Avi Kaplan lived in L.A. for seven years 一 but wouldn’t call himself a city person. Once he parted ways with Pentatonix in 2017, he set an intention to reground himself and move to Nashville. From the start, he knew he wanted to take up residence in a cabin - roughly 45 minutes outside the city - and entrench himself both in nature and a wide network of songwriters. He now has the best of both worlds.
“Having been in cities all the time, I knew that I wanted a place that was in nature,” Kaplan tells Holler. “It was away from the city and had a lot of peace, quiet and inspiration”.
His debut full-length album, Floating on a Dream, sprouts from this important place of growth, change and transformation. While many artists leave their stakes rooted elsewhere - only making intermittent trips to Music City to write and record - it was important for Kaplan to pack up his entire life and make Nashville a permanent home. “It would have been different” had he not made the move, he affirms.
“I did a lot of writing here on my own, and I did a lot of soul searching, contemplating and delving a little bit deeper into myself,”. “That really is implied with the record,” he continues, “and I think that living out in Nashville really changed my state of mind”.
Kaplan works with producer Shooter Jennings, known for melding the soundscapes of other monumental releases such as Brandi Carlile’s By the Way, I Forgive You, American Aquarium’s Lamentations and The Light Saw Me by Jason Boland & the Stragglers. Together, their creative minds built an impressive 11-song structure that feels like an important one.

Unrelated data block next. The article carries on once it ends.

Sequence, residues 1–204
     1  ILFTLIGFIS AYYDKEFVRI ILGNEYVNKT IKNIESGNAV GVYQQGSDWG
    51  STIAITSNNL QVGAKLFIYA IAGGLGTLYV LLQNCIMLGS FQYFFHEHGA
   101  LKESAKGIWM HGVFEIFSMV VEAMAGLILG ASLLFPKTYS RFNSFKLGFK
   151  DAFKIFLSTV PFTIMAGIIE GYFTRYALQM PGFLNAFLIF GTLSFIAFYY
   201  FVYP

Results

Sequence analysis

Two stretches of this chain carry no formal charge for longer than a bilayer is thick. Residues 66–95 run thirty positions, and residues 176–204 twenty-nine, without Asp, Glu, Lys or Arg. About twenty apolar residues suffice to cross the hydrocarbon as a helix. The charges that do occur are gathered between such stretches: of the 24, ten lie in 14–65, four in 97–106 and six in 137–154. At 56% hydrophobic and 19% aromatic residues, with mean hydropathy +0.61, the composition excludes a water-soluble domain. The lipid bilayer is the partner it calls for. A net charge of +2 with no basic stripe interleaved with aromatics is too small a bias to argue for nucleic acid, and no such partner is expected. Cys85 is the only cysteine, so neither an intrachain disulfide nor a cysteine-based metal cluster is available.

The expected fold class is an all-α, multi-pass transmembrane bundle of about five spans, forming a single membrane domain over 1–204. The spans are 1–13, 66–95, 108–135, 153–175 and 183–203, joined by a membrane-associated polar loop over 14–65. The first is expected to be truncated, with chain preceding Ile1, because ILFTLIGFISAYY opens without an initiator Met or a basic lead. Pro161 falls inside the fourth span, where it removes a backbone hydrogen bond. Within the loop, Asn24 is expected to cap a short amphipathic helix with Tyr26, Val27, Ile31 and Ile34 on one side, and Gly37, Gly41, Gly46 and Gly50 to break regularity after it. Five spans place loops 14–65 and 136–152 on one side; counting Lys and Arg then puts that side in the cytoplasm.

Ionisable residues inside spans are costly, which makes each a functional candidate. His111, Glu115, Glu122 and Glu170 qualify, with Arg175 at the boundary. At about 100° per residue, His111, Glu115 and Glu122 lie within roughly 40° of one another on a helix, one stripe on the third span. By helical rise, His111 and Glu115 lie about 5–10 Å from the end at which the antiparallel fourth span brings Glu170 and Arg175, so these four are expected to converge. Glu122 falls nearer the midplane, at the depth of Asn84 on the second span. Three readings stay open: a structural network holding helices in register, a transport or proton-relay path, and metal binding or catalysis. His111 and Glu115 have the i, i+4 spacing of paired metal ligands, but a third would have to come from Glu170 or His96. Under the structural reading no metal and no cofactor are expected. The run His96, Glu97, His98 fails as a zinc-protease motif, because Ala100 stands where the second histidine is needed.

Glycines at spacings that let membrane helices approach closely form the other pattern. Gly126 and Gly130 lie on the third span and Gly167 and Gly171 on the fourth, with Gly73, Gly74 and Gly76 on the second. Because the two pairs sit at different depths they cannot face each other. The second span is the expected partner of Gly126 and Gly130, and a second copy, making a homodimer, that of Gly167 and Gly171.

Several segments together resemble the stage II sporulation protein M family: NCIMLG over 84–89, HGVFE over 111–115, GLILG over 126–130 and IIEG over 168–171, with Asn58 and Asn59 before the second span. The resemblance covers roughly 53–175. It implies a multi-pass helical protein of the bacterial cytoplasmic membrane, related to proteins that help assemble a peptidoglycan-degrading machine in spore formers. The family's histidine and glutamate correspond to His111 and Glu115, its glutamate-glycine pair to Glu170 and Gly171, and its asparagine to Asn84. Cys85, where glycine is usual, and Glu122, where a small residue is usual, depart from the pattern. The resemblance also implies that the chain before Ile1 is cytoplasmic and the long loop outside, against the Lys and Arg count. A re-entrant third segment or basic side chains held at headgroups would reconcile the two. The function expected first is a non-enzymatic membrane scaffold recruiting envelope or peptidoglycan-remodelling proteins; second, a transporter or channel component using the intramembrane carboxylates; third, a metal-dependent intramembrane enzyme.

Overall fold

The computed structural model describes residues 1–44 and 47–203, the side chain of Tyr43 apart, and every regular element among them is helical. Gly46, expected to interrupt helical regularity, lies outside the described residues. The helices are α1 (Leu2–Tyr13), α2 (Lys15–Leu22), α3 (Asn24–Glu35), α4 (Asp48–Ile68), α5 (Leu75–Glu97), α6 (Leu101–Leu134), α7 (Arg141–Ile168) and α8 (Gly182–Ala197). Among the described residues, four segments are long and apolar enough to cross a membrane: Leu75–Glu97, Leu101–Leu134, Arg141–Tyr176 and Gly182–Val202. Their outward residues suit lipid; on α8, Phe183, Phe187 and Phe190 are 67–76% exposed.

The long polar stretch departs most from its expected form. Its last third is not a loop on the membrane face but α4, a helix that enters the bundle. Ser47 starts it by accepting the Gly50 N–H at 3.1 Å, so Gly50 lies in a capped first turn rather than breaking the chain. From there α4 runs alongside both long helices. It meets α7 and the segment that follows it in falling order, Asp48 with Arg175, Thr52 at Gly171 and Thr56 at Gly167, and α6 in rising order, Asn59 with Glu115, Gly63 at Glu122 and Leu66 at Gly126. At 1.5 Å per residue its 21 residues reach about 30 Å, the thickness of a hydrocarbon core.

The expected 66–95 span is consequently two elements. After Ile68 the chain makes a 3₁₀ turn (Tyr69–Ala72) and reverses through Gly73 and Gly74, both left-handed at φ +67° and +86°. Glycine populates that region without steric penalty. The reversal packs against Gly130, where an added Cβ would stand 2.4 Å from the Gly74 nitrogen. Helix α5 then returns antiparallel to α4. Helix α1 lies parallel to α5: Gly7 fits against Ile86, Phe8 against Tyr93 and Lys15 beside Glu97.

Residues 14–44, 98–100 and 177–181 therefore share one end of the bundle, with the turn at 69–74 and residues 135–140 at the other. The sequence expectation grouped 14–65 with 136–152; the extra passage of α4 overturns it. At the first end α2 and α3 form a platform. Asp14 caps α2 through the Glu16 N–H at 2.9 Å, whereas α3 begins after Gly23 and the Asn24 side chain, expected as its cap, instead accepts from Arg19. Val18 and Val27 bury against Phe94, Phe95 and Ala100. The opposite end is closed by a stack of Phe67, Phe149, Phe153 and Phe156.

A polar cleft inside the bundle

You can certainly count Floating on a Dream as among Jennings’ most elegantly-crafted pieces of work. It also helps that the strength of the songwriting and Kaplan’s voice fits the folk genre like a glove. On many moments, including ‘On My Way’ and ‘I’m Only Getting Started’, the performances are haunting, simply slithering inside the ear canal.
A reverent musical thread weaves in and out of the 11 songs, expansive and intimate in each breath. “Put a demon down, walking 'round my town / I know another will come back around” he sings with a vocal cloud circling overhead on ‘Try to Get It Right.’ A co-write with Kaleb Jones, who played the initial guitar part, the ballad developed into a wholly personal anecdote over time. “The words that came out of my mind were the first lyrics of the song,” remembers Kaplan. “As we continued, it became more and more personal to me”.
“I'm a pretty private person in general - certainly on social media. I don't really talk too much about my personal life. I talk about my music, different places that I'm going and things of that nature,” he adds. “I don't want to be private in every part of my life. I really want to be open, vulnerable and honest with my music”.